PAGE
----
“Obviously, they are scared and concerned about what is going to happen,” said Ed Sexton, of Help Refugees, one of numerous British associations working in the camp. “The people have been here months, living in terrible conditions, but they don’t want their shelters destroyed.”

Authorities cited security and sanitation concerns for the closure, and the increasingly tarnished image of Calais. The city of nearly 80,000 takes pride in drawing tourists to its Opal Coast but is taking collateral damage in the migrant crisis because of its location _ with a major ferry port, Eurotunnel rail system and truck traffic crossing the English Channel.

Weary travellers come to Calais driven by a dream – circulated among migrants, peddled by smugglers – that they will find peace and prosperity in Britain. Lacking papers, they have to sneak across the Channel, and at least 20 migrants have died trying since late June, according to the prefecture.

Camp residents were offered the choice of being sent to temporary welcome centres around France, or staying in one of 125 heated containers set up last month in a fenced-in area behind the camp. However, only several hundred beds remain.

“It’s inhuman to live in the jungle. But certain associations, certain billionaire stars are telling us to leave things alone,” the head of the region, conservative Xavier Bertrand, said during a visit last weekend. “That’s enough. The jungle must be evacuated.”

Humanitarian workers predicted that those who refuse to leave would shelter in small groups elsewhere around Calais and the coast.

“You’re basically going to scatter a lot of people,” said Maya Konforti of the association Auberge des Migrants.

Nearby Belgium, concerned about an influx of Calais evacuees, has installed border checks.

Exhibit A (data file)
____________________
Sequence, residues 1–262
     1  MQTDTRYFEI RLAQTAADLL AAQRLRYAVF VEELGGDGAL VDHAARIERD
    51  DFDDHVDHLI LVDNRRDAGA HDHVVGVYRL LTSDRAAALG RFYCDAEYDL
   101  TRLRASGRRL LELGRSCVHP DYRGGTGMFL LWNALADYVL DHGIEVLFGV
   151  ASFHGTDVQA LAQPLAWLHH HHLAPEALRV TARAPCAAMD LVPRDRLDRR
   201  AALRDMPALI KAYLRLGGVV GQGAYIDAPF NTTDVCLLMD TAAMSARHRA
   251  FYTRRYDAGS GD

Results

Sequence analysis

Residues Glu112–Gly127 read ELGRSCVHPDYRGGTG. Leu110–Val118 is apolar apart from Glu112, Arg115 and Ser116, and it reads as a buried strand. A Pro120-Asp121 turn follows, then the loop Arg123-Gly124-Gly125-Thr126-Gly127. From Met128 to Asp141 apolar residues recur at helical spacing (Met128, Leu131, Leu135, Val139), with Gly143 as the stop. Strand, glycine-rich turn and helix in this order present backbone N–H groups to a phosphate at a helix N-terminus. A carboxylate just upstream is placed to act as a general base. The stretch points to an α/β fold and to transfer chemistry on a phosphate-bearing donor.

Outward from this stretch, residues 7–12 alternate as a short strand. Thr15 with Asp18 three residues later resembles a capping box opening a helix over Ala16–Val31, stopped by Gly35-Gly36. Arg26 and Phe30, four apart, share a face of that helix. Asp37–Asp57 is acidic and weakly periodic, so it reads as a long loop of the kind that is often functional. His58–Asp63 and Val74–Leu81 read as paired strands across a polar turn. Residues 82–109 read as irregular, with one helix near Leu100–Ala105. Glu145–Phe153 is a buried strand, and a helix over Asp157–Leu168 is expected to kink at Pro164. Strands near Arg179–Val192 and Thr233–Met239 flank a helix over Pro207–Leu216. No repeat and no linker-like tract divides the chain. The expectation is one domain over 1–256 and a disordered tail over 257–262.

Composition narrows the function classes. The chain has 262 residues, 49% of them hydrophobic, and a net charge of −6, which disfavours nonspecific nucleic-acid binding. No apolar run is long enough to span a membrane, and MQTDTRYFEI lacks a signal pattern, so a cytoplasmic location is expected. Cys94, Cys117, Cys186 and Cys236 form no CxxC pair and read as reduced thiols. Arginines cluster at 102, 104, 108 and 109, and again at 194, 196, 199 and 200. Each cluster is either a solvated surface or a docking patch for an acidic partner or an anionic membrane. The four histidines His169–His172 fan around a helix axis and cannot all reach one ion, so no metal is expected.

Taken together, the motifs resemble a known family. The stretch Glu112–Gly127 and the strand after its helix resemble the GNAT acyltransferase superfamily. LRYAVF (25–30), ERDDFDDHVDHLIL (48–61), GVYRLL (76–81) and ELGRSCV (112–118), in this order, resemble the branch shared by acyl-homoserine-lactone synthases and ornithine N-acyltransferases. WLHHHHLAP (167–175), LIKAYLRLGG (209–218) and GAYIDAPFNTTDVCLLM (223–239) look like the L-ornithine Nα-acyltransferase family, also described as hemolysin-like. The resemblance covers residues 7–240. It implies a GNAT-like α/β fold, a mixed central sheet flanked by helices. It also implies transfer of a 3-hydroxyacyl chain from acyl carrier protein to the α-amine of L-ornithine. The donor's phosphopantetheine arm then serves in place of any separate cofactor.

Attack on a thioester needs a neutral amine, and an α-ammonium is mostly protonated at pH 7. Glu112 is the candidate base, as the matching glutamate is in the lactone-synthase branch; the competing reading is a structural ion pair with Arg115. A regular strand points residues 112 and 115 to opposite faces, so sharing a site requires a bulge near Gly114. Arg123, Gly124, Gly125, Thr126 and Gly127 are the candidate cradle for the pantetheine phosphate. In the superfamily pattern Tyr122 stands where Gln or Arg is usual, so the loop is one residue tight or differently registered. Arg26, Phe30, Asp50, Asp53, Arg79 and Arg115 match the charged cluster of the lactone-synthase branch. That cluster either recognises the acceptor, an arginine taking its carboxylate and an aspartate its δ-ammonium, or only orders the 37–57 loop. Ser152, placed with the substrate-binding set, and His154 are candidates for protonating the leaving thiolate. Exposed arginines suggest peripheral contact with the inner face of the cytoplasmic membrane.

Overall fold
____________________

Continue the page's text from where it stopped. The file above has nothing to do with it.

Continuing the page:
Another filthy camp known as a haven for smugglers, near Dunkirk, is being relocated to a more hygienic site with heated tents under the supervision of Doctors Without Borders.

The prefecture, which announced plans to raze the camp on Feb. 12, said bulldozers would not touch the camp’s makeshift churches, mosques and a just-opened school. Facing criticism of the eviction order, Interior Minister Bernard Cazeneuve softened the ultimatum this week, saying the evacuation would be “progressive.”

Authorities view the razing of much of the camp as a turning point for Calais – a far from certain outcome. used during its three-year existence by some 68,000 refugees

A Red Cross-run camp in nearby Sangatte _ used during its three-year existence by some 68,000 refugees – was shut down in 2002. Afterward, hundreds moved up the coast to set up small “jungles” around Calais.

Authorities periodically razed them, then opened a state-sponsored day centre in April with showers, plugs to charge phones and a meal distribution centre. That lured migrants chased from inside the city, who pitched camp nearby.

Authorities allowed the camp to grow, and it evolved into a squalid slum town with some amenities of urban life that injected a sense of solidarity and conviviality into migrants’ bleak lives.